If you ever want to add a bit more detail to a metal surface like that, I’d look into adding some scratches to it. They’re not time consuming and they will make the weapons and armor look even more battle damaged. I used that technique on the Goblin Town goblins I painted up (all 40 of them…) for Hobbit SBG and it really worked a treat. With that said, really awesome work and it is cool to see some green lads on your site 🙂

    • Wudugast

      Cheers! Yeah, there used to be some brilliantly crazy stuff in the old orc/orks. There seems to still be a bit of it going on with 40k, some of the new vehicles were a bit wacky and silly for instance, I love the one with the grumpy hick orks driving around a wagon full of squigs for instance. The AoS orcs seem a bit more sensible these days though. I always like seeing a bit of a mix within the range so you can model an orc army the way you want, playing up the silliness or leaving it out – whatever takes your fancy.

      Yup, you can’t beat a bit of chipping and scratching on orc weapons. It wasn’t something I wanted to overdo on these particular models so I kept it minimal but I’ll certainly be using it on others. Well done on the 40 goblin town goblins, I’ve enjoyed turning those into Necromunda/Inq28 mutants.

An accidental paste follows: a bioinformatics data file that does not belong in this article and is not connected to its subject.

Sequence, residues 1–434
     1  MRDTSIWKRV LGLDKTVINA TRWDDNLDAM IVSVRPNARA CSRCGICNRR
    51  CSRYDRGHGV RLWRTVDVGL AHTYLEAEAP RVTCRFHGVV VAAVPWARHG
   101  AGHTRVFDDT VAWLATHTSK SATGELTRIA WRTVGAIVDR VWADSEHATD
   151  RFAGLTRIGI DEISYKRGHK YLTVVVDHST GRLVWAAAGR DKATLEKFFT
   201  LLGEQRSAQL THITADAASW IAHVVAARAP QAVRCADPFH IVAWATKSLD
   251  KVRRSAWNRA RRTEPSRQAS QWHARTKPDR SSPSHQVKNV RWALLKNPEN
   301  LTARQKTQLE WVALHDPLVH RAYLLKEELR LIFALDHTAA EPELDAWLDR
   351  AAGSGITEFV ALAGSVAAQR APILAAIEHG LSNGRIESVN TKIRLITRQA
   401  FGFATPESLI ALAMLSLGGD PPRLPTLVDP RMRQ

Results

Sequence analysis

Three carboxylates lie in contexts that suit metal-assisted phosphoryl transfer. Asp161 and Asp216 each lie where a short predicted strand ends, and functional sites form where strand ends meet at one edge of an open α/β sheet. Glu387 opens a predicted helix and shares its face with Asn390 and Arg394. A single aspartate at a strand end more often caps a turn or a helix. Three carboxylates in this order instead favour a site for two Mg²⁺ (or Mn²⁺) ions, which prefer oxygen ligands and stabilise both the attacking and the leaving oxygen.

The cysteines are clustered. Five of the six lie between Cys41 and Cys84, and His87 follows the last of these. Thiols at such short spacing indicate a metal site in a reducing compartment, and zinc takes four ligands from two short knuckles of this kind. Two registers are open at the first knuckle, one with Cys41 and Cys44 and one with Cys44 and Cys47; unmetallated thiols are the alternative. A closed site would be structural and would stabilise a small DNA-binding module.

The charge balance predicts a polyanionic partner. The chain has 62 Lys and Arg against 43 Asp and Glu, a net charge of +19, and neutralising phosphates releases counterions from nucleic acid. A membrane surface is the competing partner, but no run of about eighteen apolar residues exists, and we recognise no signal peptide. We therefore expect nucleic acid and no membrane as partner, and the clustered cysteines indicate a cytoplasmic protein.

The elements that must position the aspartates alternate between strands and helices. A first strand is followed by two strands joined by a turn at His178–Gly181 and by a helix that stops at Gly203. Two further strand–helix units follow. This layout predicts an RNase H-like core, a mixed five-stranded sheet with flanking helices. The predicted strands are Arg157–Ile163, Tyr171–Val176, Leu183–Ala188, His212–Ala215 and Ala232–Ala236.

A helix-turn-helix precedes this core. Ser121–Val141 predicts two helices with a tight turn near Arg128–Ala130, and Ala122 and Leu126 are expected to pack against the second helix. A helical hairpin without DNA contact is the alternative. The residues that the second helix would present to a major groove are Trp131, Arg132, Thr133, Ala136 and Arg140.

• Kuribo

        I think you’re spot-on with your observations on Orks in 40k and Warhammer. I think a mix is the way to go too. They don’t all have to be outlandish or over the top but the Age of Sigmar Orks are a bit bland to me currently.

        Totally understand about the chipping and scratching. Just thought I’d mention it in the off chance that you hadn’t thought of it 🙂 Ooh, that is a good use for the Goblin Town goblins. They’re fun little sculpts to be sure!

  • imperialrebelork

    Yep definitely picking up a whole lot of mean and nasty vibes coming from these chaps. How do you do the darker metals? Are you mixing in a bit of black or doing a couple of splashes of nuln or agrax?

    • Wudugast

      Thanks dude – they look like a right pair of mean bastards don’t they 😀

      For the darker metal undercoat with leadblecher (or whatever metallic colour is your preference) then give it a wash with Nuln Oil. Then once that’s dry give it a second wash with either Agrax or more Nuln Oil – the latter will give your really dark metal, the former dark, dirty metal. Two washes should be enough, I’ve tried going up to three but it’s generally overkill. Then get your highlights/chipping/weathering/whatever else you need on there and you’re done.

      For orcs/orks I tend to give all the armour an undercoat of leadblecher, then wash everything with Nuln Oil. Once that’s dry I give individual panels either a)a second coat of Nuln, b)a coat of Agrax c)a coat of something from the contrast range to make it look manky (Skeleton Horde for instance gives a good tarnished effect) or d)leave it as is. Then I weather everything. It gives the effect of a suit of armour built from scavenged junk over time, rather than being assembled in a single planned process. If you really want to pull out all the stops weather individual panels to differing extents. Works well for vehicles as well.

  • Azazel

    Love these guys! I especially like the metal variation in the armour.